Wednesday, April 1, 2009

Saving a Tree - And a Recipe for Growth

For the past few years my apricot tree in Santa Barbara has been struggling against an attack from the vile oak root fungus. Oak root is a soil borne fungus that attacks the tree from the the ground up and the inside out. It spreads under the bark layer and eventually girdles the tree - preventing the tree from taking up water and nutrients - which kills it.

For the past couple of years we've experimented with worm composting of kitchen waste and we also compost yard waste. I've been applying lots of compost to the soil around the apricot and I even applied worm tea directly onto the bark at the trunk. Worms break down organic material into tiny particles that are easy for plants to absorb. And you can, um, smell the biological activity.

There's theory (and anecdotal evidence) that applying active fungus and bacterial agents can help a tree fight disease. Fairview Gardens in Goleta actually applied a soil/manure paste to their avocado tree trunks in attempt to strengthen the health of their trees.

The idea is that certain live elements in soil produce natural anti-biotics that fight infections. (penicillin comes from naturally occurring anti-biotic fungus). And whether or not I produced the results by applying pro-biotics, the tree has not died and is in fact re-growing bark to cover the area of infection and lost tissue.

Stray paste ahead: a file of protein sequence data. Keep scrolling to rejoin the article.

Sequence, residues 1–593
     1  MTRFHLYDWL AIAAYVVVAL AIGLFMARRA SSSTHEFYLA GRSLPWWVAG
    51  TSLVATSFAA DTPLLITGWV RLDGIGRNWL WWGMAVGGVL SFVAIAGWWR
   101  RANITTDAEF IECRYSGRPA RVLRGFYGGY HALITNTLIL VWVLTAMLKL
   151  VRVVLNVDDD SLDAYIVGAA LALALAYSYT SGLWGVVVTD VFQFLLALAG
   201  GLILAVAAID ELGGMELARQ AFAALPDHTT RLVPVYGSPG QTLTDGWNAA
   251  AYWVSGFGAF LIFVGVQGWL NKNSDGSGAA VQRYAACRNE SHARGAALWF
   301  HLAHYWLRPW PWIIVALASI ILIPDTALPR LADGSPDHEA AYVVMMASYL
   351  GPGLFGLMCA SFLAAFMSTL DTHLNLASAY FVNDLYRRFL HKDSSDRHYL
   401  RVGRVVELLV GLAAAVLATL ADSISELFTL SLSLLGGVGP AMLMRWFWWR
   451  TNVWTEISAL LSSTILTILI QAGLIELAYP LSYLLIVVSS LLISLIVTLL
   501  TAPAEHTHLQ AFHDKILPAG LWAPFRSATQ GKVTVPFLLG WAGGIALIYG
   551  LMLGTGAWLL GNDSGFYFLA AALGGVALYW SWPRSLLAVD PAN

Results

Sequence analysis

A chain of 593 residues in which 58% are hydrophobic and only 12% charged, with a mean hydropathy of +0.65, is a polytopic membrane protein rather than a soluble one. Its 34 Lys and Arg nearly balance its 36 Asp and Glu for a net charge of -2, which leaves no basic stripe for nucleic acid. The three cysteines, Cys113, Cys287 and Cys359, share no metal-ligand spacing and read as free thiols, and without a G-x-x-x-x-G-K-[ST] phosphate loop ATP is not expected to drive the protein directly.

To strengthen the roots and help the tree fight back, I pruned the tree back, cut all the dead wood out and thinned this years apricot crop by more than half.

Then I gave the tree a serious booster shot of nutrition. I found a useful organic fertilizer recipe in the June/July 2006 issue of Mother Earth News. I mixed and applied the fertilizer, then covered it with about a 1 inch layer of finished yard compost - just a few inches back from the trunk and out to the drip line. I watered it down and now hope that I've given the tree a quick hit of nitrogen along with a slow release of nutrients, trace minerals and organic material, combined with the living mulch of native plants that cover the ground under the tree.

Follow the link to Mother Earth News for the fertilizer recipe and the directions for use.

BTW - you'll find that buying the ingredients in small quantities by the box at your local garden center is REALLY EXPENSIVE! If you're serious about greening up your yard and garden either find an online supplier who will ship in bulk bags or visit a garden/farm center that sells in bulk.

In Santa Barbara/Goleta that is Island Seed and Feed. Buying measured quantities from the bulk bins cost less than half what it cost to buy small packaged quantities at another nursery nearby. Plus they had additional cool stuff to mix in like phosphate rock, green sand, blood meal and gypsum! (One other tip - for fast green-up and to energize the soil quickly, I substituted 1 part blood meal in exchange for one part seed meal.)

Happy fertilizing!

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